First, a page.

From rugs to dresses to washcloths to blankets and so much more, there’s no end to the practical pieces that you can make (or repair) with your own two hands and a few basic tools.

6. Make candles

Candles are another practical and beautiful craft that’s perfect for productively passing time in the winter. When you make your own candles, you can not only choose your favorite scents, but also control what products you’ll be burning in your home. All you need is wax, a wick, and a container.

(If you have your own bees, try making beeswax candles!)

7. Clean and purge the house

When spring arrives, you won’t want to be stuck inside cleaning the house. Since you’re spending more time indoors during the winter anyway, use the time wisely to deep clean your house. Go through your clothes, kids’ toys, kitchen tools, basement, and closets and get rid of anything that you don’t use regularly.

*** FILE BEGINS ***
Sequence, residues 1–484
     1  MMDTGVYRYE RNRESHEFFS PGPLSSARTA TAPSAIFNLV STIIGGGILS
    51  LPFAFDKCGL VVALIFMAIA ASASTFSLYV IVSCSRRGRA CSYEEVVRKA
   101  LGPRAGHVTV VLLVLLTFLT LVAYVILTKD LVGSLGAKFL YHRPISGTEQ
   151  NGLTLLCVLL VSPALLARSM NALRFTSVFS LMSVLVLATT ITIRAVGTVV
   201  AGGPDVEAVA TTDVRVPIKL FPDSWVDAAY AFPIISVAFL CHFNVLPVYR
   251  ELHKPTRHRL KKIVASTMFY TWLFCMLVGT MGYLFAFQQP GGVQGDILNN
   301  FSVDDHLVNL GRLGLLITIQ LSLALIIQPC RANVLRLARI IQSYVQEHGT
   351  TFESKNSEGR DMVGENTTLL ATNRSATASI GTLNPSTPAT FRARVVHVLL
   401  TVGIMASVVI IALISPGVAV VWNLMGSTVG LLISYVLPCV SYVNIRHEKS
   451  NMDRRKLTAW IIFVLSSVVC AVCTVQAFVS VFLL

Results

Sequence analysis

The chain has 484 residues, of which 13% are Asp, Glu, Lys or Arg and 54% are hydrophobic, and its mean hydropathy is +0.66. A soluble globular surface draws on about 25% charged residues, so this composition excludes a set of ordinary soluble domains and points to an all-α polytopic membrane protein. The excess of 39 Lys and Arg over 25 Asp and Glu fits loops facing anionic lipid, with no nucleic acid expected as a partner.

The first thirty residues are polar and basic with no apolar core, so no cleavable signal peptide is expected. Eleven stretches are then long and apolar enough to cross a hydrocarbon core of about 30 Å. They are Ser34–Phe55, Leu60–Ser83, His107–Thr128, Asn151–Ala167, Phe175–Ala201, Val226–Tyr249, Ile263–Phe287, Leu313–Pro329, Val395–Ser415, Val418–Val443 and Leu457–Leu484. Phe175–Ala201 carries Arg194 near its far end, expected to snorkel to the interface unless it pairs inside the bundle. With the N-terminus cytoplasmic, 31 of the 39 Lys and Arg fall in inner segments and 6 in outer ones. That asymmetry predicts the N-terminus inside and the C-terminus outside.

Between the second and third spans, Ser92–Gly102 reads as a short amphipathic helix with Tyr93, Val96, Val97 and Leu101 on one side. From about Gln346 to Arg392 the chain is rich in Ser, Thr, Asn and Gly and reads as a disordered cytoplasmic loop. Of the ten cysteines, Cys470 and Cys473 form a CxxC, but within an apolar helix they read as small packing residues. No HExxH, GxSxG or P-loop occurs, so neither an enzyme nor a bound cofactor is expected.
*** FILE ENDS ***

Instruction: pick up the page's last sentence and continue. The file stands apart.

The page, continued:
During the busy times on the homestead, life operates much more smoothly when the home is clean and organized.

8. Chop firewood for next year

Winter is a great time to chop firewood. Not only will you keep warm while burning the wood, but you’ll also get warm while cutting it.

After a winter storm, it’s a great time to drive around the block and look for any trees that have fallen and might be good for burning. Don’t be afraid to knock on a neighbor’s door and ask if they’d like you to clear a tree for them. They’ll probably say yes, and you’ll get some free firewood.